This morning I took a listen to a demo track on the Oysterband Facebook page: a really early version of “This Town.” Very different from the version which appeared on Here I Stand. The words are not the ones I know. The voice is not the one I know. The instrumentation is not what I know. And yet…in there somewhere are the bare bones of the song that I recognized. That made me wonder exactly how many drafts (if you can call them that) the song went through before Oysterband decided it was good to go.
A hundred years ago when I was in graduate school, I attended a seminar by the poet
Gray Jacobik on revision. At that time, I was callow, shallow and stupid; and when Gray said she adored the process of revision, I knew she was crazy. However, she had the big guns to back her up: T. S. Eliot, who revised “The Wasteland” long after it was originally published, probably right up to the day he died; and Robert Frost, who agonized over word choice in his very formal poetry. Imagine–in “Design” Frost weighed the word dimpled against the word dented to describe the spider. How careful–and how magical–is that? Dimpled is an adjective that implies a quality inherent in the spider, while dented implies damage by an outside force. Either way, that blasted spider still has that squished-in place, but what a difference in the baggage that a single word carries. After my afternoon with Gray, I suddenly knew the value, and the excitement, of playing with the tiniest bit of a piece. What would happen if…? Fill in the blank.
I am trying to recapture this now, as I revise yet again my magnum opus, that novel that’s been haunting me since the magnificent and beautiful Brenda Sparks Prescott gave the a title on a glassed-in walkway above a street in stormy Atlanta. The Book of the Mandolin Player, she said, describing a musician at one of the tables at the AWP bookfair. How long ago was that? Four years? I began writing the first draft immediately, got hung up on the sex, and had to be shouted at by Josephina Gasca, the sexiest writer I know. I’m now on the fourth or fifth draft–I’m so crazed by this that I’ve lost track. I’ve gotten to the point where I recognize the bones of the story, but I’ve been rearranging its musculature for some time now. Brenda has read drafts. She has critiqued my opening. She has questioned the value of a particular character: What would happen if you took him right out? (Answer: I had to re-imagine how to move the plot forward without him, which was a singularly interesting exercise.) She has made me consider the value of every scene. Do you need that? Every time, with every suggestion, I get bad-tempered and defensive. Then I slowly come to realize how right she really is. But I need her to make me see that, because I’m so incredibly close to this beast that I can’t see its warts. All the same, I shopped the last version out to various and sundry agents, and I have a response from one–extremely encouraging, though I didn’t understand that at first (just plunge that knife right into my heart and twist it!)–asking to see a rewrite. So I’ve been rewriting. And revising. And sulking at Brenda’s suggestions, and then employing them. Do you trust her judgment? asks my friend, novelist Stephen Benatar. I do. As much as I hate this task, I’ve been plugging away at this draft now for about a year (much of that thinking time, where I never looked at the manuscript at all); and there are moments when I see the puzzle as Gray Jacobik presented it: a word, a phrase, a passage, a scene which simply does not carry the weight I need it to, and thus needs to be removed or rewritten. A chore, and a joy. The absolute mixed blessing.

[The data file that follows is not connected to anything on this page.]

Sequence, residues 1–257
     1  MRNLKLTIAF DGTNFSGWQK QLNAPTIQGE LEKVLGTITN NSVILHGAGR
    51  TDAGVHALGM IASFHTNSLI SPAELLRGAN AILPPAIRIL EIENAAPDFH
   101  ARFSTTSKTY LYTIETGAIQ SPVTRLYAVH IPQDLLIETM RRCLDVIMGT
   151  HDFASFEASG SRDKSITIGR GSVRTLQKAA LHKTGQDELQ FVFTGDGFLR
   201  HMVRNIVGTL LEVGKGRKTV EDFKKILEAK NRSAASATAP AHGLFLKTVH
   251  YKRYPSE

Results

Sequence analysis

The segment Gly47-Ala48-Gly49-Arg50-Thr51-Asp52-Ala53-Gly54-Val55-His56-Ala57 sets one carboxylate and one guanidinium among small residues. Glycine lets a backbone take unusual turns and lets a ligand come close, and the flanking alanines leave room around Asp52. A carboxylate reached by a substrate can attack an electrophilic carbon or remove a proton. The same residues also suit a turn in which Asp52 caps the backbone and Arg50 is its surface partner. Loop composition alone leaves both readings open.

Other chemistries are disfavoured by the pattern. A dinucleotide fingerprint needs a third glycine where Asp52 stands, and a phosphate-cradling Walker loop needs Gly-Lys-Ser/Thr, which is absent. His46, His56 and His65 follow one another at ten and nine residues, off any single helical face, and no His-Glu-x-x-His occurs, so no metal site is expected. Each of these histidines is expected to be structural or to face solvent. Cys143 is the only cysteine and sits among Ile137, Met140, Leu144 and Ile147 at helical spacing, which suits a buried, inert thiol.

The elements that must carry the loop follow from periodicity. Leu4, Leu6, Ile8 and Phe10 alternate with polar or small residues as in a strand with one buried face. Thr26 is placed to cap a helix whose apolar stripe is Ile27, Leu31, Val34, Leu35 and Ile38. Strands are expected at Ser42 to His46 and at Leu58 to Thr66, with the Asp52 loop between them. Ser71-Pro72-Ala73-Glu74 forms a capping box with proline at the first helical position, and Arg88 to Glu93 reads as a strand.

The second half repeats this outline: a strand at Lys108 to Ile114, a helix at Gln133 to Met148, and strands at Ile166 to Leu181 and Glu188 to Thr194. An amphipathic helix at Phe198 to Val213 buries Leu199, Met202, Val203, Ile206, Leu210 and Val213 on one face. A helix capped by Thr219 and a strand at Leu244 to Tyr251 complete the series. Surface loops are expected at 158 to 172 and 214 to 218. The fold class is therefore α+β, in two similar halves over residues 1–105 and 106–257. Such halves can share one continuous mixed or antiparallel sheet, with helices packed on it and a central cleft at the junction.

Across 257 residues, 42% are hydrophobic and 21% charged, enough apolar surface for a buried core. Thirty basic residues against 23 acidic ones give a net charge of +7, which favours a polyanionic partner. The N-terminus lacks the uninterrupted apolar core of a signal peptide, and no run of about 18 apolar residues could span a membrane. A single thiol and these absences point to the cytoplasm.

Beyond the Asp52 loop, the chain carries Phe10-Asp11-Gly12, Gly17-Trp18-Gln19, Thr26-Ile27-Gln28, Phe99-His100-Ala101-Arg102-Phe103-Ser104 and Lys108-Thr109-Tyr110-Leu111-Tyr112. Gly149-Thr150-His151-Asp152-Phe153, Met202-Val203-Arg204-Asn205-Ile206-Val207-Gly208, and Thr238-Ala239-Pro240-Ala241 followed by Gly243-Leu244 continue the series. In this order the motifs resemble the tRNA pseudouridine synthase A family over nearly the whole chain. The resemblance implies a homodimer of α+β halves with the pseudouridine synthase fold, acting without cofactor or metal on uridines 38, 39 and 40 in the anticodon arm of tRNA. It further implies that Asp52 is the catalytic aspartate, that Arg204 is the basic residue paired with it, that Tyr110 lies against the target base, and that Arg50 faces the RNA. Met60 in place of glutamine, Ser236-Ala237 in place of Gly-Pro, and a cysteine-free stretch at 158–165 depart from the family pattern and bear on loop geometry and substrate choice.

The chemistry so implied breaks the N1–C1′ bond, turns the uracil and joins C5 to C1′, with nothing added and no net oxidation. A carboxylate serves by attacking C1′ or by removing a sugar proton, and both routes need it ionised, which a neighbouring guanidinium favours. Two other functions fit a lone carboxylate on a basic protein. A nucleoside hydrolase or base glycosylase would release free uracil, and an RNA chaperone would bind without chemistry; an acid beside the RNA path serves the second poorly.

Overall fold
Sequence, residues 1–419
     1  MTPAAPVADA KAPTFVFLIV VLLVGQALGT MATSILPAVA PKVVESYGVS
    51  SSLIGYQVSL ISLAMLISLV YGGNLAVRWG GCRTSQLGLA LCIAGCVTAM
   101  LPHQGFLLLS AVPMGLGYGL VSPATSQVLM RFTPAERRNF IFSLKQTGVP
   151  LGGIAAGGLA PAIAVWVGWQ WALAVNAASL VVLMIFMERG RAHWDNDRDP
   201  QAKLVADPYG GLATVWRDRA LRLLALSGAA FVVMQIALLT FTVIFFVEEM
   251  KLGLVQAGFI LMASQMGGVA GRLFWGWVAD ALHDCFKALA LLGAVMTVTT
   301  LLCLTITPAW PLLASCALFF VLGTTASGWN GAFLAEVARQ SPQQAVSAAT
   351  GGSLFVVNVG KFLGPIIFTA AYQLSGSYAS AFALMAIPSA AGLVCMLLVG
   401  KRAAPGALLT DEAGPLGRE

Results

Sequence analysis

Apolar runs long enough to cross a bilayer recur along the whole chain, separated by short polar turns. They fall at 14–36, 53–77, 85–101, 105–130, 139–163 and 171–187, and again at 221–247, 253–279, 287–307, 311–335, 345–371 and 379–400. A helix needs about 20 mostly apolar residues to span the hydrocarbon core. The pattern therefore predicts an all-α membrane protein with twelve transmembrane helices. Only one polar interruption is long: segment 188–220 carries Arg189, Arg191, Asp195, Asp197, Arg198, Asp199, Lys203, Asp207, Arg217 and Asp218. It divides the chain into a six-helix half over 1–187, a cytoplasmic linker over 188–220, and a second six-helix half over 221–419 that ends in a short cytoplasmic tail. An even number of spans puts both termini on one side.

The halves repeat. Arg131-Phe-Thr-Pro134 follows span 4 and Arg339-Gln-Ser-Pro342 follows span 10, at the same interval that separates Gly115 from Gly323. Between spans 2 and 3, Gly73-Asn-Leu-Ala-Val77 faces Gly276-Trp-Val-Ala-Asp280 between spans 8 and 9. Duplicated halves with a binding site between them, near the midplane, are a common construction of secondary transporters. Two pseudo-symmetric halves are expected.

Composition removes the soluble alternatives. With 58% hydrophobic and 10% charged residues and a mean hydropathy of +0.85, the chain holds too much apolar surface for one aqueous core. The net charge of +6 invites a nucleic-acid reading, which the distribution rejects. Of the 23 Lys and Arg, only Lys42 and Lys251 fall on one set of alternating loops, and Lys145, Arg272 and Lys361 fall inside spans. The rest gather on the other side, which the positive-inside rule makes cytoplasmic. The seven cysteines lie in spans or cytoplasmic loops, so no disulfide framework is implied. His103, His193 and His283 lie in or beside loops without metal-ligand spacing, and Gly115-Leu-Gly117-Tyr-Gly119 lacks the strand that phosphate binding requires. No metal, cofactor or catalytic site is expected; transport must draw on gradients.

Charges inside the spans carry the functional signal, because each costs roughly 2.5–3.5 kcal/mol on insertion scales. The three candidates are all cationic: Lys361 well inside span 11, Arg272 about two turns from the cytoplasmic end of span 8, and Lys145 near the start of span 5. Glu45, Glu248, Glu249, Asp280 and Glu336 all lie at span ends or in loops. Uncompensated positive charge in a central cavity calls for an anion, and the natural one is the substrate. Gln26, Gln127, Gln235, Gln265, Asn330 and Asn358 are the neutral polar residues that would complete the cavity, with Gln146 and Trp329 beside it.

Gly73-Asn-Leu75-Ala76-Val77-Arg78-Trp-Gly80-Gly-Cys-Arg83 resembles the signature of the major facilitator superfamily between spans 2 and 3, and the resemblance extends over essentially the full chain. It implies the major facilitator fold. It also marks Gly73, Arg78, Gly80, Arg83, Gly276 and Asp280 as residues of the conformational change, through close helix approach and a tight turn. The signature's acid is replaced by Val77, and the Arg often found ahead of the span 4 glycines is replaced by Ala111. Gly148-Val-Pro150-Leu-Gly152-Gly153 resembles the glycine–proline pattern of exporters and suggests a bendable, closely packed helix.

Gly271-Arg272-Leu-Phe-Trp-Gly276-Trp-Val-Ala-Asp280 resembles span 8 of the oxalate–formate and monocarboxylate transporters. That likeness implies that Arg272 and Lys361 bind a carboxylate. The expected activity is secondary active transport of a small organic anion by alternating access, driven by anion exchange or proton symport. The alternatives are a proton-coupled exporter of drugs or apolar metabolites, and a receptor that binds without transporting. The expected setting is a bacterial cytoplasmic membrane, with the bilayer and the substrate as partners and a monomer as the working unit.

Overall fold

Speaking of Brenda, check this out:
Oh, and speaking of Oysterband, they released a Reverbnation widget today. For some reason, it wouldn’t embed here, the heathenous thing…